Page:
Chief U. Renee Hall on Tuesday morning defended the police department's handling of a protest that ended in a mass detainment Monday night on the Margaret Hunt Hill Bridge.
During the demonstration, police allowed hundreds of protesters to march into the westbound lanes of the bridge at about 8:30 p.m. A group of law enforcement officers, including Dallas police, Texas Highway Patrol troopers and members of the Texas National Guard, were waiting at the west end of the bridge, blocking demonstrators from entering Trinity Groves.
As protesters marched toward the west end of the bridge chanting "Hands up, don't shoot," officers at the west end of the bridge fired smoke canisters, causing some protesters to turn and run. Meanwhile, police blocked the east end, bottling the protesters up on the bridge. As officers advanced from both ends of the bridge, a police helicopter hovering overhead shone its spotlight on the crowd.
Officers ordered protesters to lie on their stomachs and put their hands behind their backs. Some refused to lie down. Others tried to jump into the eastbound lanes of the bridge. Dominique Alexander, founder of the activist group Next Generation Action Network, repeatedly yelled that the protesters were there to peacefully assemble.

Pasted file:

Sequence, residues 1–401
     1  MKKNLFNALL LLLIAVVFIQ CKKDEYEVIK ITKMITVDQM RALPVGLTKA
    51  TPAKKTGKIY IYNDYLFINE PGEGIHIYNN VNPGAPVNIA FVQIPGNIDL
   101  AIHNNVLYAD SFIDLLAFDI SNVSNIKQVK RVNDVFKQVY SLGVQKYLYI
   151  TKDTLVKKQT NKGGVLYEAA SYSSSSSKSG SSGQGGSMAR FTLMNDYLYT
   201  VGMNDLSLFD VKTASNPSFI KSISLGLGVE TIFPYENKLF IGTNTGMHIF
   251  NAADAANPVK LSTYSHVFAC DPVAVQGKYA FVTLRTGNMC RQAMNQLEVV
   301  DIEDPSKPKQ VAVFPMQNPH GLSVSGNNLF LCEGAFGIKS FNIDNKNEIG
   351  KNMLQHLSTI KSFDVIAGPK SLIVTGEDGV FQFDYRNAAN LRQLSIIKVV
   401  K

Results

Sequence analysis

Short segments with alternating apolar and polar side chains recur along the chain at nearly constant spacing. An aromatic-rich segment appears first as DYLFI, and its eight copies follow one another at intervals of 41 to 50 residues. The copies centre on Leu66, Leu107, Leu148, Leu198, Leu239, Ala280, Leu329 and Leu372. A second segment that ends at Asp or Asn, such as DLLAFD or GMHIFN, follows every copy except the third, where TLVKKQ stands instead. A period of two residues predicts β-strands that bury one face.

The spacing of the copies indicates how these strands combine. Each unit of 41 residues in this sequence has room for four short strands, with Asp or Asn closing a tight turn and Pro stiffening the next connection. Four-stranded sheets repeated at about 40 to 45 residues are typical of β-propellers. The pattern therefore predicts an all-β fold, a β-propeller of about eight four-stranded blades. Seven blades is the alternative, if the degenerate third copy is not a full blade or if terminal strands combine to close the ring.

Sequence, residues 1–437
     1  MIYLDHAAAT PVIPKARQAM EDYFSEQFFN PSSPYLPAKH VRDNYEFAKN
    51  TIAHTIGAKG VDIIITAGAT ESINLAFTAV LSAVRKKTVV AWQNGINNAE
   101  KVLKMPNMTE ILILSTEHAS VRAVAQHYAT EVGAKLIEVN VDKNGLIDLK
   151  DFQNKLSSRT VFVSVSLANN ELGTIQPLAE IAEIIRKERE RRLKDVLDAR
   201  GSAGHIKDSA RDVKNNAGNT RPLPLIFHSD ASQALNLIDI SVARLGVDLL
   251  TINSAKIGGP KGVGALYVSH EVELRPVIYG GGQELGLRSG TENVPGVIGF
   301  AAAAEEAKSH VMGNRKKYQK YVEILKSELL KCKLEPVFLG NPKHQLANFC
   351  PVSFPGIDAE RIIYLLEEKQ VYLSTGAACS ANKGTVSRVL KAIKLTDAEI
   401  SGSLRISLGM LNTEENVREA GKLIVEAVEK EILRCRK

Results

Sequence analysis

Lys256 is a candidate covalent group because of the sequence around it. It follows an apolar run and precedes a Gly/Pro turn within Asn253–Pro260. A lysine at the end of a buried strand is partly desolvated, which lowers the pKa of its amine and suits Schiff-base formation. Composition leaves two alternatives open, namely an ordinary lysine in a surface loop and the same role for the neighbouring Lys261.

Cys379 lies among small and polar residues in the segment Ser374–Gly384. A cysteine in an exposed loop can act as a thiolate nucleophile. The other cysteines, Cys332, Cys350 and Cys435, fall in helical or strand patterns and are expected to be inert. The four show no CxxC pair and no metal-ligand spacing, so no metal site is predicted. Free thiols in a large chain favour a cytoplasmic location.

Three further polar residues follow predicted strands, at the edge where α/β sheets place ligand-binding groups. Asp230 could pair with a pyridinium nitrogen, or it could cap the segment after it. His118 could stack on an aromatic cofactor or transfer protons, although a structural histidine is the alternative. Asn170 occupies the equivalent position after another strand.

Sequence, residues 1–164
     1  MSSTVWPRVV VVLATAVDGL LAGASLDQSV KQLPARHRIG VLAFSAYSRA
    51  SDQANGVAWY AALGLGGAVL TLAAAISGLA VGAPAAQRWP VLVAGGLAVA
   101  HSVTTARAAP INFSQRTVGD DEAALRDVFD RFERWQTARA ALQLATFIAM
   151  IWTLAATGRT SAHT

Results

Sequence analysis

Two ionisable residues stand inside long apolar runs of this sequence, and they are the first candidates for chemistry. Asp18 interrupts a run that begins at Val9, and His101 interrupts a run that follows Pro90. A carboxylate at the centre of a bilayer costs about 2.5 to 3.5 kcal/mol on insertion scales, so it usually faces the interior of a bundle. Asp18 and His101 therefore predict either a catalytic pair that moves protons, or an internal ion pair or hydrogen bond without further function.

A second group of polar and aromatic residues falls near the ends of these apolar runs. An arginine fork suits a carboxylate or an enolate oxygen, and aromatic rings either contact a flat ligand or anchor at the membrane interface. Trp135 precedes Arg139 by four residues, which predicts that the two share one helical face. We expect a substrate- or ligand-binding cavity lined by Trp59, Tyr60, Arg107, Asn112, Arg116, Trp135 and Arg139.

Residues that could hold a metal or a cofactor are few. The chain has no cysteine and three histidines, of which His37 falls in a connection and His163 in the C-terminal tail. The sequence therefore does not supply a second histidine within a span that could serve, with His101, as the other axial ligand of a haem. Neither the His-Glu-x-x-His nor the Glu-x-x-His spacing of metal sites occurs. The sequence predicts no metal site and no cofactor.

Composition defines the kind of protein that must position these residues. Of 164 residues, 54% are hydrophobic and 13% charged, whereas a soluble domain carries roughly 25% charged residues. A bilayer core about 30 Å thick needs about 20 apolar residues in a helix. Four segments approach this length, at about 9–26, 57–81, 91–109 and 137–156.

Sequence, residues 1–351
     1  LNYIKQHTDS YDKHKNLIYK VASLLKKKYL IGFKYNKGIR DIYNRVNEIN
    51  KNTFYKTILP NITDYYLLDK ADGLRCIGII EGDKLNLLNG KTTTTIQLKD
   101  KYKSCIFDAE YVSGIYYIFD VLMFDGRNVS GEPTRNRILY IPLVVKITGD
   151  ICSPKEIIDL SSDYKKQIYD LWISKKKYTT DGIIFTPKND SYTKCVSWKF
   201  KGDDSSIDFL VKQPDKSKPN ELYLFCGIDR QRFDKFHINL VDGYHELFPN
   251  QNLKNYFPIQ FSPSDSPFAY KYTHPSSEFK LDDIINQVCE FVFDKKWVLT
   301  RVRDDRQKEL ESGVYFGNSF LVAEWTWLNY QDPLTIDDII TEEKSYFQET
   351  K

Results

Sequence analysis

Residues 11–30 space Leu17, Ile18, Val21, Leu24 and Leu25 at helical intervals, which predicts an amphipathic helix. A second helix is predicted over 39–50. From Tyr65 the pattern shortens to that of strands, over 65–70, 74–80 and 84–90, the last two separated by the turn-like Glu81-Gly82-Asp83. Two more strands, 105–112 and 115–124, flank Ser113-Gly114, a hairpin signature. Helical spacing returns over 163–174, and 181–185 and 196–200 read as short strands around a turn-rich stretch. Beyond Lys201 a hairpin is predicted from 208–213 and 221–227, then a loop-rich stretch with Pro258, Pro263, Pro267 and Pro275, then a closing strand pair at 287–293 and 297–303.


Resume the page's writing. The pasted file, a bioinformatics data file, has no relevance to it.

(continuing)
For the next hour, police zip-tied protesters' hands, took down their information. Ultimately, the protesters were released without being taken to jail. Hall said police made the decision to not book every protester into jail because it would have created jail capacity issues. Instead, officers identified each of the protesters, and the department will file at-large charges, she said. One protester who had an illegal handgun was arrested, she said.
Hall said officers warned protesters before they entered the bridge that they'd be breaking the law by doing so. Although the bridge is outside the area covered by the city's curfew order, Hall said protesters aren't allowed to walk in a roadway on an overpass. Still, she characterized the protest as peaceful.
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"Some would categorize it as chaos," Hall said. "I would say that is not true. It is absolutely not so."
The demonstration was one of many happening in cities nationwide in response to police killings of black people, including George Floyd, who died last week after a Minneapolis police officer knelt on his neck for nearly nine minutes. Both an independent autopsy and an autopsy conducted by the Hennepin County medical examiner determined Floyd's death was a homicide.
Dallas City Council member Adam Bazaldua was among the protesters on the bridge Monday night. In a video posted to his Facebook page, Bazaldua said police asked protest organizers to keep demonstrators out of lanes of traffic and out of the curfew zone. But it was clear that many protesters didn't know they'd been asked to stay out of roadways, including the bridge, Bazaldua said.
"The whole situation sucks, and I can't tell you how heartbroken I am to be up on this bridge and see what's happening in our city, because it's not necessary," he said.